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Publication numberUS7554145 B2
Publication typeGrant
Application numberUS 11/610,760
Publication dateJun 30, 2009
Filing dateDec 14, 2006
Priority dateFeb 15, 2005
Fee statusPaid
Also published asCN1828866A, CN100394580C, US7172908, US20060183318, US20070096230
Publication number11610760, 610760, US 7554145 B2, US 7554145B2, US-B2-7554145, US7554145 B2, US7554145B2
InventorsYuan-Hung Liu, Chih-Ta Wu, Lan-Lin Chao, Yeur-Luen Tu, Wen-Chin Lin, Chia-Shiung Tsai
Original AssigneeTaiwan Semiconductor Manufacturing Co., Ltd.
Export CitationBiBTeX, EndNote, RefMan
External Links: USPTO, USPTO Assignment, Espacenet
Magnetic memory cells and manufacturing methods
US 7554145 B2
Abstract
An improved magnetoresistive memory device has a reduced distance between the magnetic memory element and a conductive memory line used for writing to the magnetic memory element. The reduced distance is facilitated by forming the improved magnetoresistive memory device according to a method that includes forming a mask over the magnetoresistive memory element and forming an insulating layer over the mask layer, then removing portions of the insulating layer using a planarization process. A conductive via can then be formed in the mask layer, for example using a damascene process. The conductive memory line can then be formed over the mask layer and conductive via.
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Claims(13)
1. A memory device comprising:
a substrate;
a magnetoresistive memory element formed over the substrate;
a mask layer formed on an upper surface of and around the magnetoresistive memory element;
a first insulating layer formed over the substrate, the first insulating layer having openings exposing at least a portion of the mask layer and having a height above the substrate substantially equal to a height of the mask layer;
a conductive via formed through the mask layer and in electrical contact with the magnetoresistive memory element;
a conductive memory line formed on the first insulating layer and the mask layer, and in electrical contact with the conductive via; and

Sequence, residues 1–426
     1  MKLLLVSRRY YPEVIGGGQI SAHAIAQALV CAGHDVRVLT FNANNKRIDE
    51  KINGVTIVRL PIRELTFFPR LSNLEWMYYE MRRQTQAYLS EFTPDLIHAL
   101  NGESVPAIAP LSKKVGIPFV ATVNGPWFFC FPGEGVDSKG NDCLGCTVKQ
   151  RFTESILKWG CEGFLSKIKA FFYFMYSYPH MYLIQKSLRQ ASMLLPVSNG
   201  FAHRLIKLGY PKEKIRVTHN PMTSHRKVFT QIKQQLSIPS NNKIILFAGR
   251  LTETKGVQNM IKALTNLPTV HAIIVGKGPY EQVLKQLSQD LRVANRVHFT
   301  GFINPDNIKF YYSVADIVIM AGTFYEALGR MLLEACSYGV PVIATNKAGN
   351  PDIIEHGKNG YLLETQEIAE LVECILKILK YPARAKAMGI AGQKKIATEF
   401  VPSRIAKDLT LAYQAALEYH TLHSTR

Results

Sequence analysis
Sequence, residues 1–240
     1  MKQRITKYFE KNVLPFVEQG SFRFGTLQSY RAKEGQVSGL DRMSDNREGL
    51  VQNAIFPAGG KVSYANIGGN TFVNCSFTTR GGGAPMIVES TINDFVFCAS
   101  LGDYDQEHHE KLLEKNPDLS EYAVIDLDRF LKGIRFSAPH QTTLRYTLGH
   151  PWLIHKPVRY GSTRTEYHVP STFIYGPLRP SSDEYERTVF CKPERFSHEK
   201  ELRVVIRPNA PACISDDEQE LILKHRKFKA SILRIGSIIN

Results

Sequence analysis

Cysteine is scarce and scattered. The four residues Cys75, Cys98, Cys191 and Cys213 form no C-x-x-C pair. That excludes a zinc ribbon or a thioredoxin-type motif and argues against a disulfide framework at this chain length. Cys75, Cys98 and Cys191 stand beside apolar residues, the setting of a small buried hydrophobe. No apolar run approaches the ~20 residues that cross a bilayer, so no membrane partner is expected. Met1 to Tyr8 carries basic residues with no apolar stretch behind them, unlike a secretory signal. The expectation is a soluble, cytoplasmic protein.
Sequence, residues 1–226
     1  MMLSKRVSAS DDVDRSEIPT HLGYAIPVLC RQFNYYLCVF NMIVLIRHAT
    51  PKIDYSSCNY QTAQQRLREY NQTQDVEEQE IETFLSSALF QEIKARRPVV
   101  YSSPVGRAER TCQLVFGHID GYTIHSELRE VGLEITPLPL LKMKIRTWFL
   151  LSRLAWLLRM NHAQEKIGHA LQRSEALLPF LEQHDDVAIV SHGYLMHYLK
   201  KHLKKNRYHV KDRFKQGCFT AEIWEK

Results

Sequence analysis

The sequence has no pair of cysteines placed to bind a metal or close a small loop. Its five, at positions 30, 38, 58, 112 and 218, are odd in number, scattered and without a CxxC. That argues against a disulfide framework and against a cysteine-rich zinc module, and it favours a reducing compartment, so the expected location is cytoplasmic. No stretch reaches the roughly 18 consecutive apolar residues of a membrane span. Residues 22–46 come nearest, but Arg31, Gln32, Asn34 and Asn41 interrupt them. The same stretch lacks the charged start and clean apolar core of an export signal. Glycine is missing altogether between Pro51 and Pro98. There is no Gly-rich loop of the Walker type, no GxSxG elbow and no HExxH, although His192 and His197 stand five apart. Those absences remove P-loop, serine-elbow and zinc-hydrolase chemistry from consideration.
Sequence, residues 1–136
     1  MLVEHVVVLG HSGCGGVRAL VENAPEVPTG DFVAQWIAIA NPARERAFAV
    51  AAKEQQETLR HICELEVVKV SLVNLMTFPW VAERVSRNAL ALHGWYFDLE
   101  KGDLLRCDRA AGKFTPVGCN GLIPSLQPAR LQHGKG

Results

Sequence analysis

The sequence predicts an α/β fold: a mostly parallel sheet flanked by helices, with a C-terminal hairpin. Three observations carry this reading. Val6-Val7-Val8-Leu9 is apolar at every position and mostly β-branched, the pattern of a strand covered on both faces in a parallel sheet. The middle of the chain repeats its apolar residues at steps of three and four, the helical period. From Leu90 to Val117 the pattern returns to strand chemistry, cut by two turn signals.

a second insulating layer formed on a portion of the mask layer between the mask layer and the conductive line.
2. A memory device according to claim 1, wherein the conductive via and the mask layer have substantially the same height above the substrate.
3. A memory device according to claim 2, wherein the conductive via and the mask layer have a thickness in an approximate range of 300 angstroms to 1500 angstroms.
4. A memory device according to claim 1, wherein the second insulating layer has a height above the substrate substantially equal to a height of the mask layer and the first insulating layer.
5. A memory device according to claim 1, further comprising an electrode layer between the substrate and the magnetoresistive memory element.
6. A memory device according to claim 5, further comprising a third insulating layer between the electrode layer and the substrate.
7. A memory device comprising:
a substrate having an underlying insulator formed thereon;
conductive traces formed in the underlying insulator;
magnetoresistive memory elements formed in contact with one of the conductive traces and directly over others of the conductive traces, the magnetoresistive memory element having a final height;
a mask layer formed on an upper surface of and around the magnetoresistive memory elements to a predetermined height over the magnetoresistive memory elements;
a first insulating layer formed over the substrate and having openings exposing portions of the mask layer therethrough;
conductive vias formed through the mask layer at the exposed portions thereof, and in electrical contact with the magnetoresistive memory elements;
a conductive memory line formed on the first insulating layer and the mask layer, and in electrical contact with the conductive vias; and
a second insulating layer formed on a portion of the mask layer between the mask layer and the conductive memory line.
8. A memory device according to claim 7, wherein the conductive via and the mask layer have substantially the same height.
9. A memory device according to claim 8, wherein the conductive via and the mask layer have a thickness in an approximate range of 300 angstroms to 1500 angstroms.
10. A memory device according to claim 7, wherein the second insulating layer is formed on a portion of the mask layer directly over the conductive trace in contact with the magnetoresistive memory elements.
11. A memory device according to claim 7, further comprising an electrode layer between the substrate and the magnetoresistive memory elements, the electrode layer formed in contact with the one of the conductive traces and over the others of the conductive traces.
12. A memory device according to claim 11, further comprising a third insulating layer between the electrode layer and the others of the conductive traces.
13. A memory device according to claim 7, wherein the mask layer comprises silicon nitride and the first insulating layer comprises silicon dioxide.
Description
RELATED APPLICATION AND PRIORITY CLAIM

This application is a Divisional Application of U.S. patent application Ser. No. 10/906,357, entitled “Magnetic Memory Cells and Manufacturing Methods,” filed Feb. 15, 2005, which is herein incorporated by reference in its entirety for all purposes.

TECHNICAL FIELD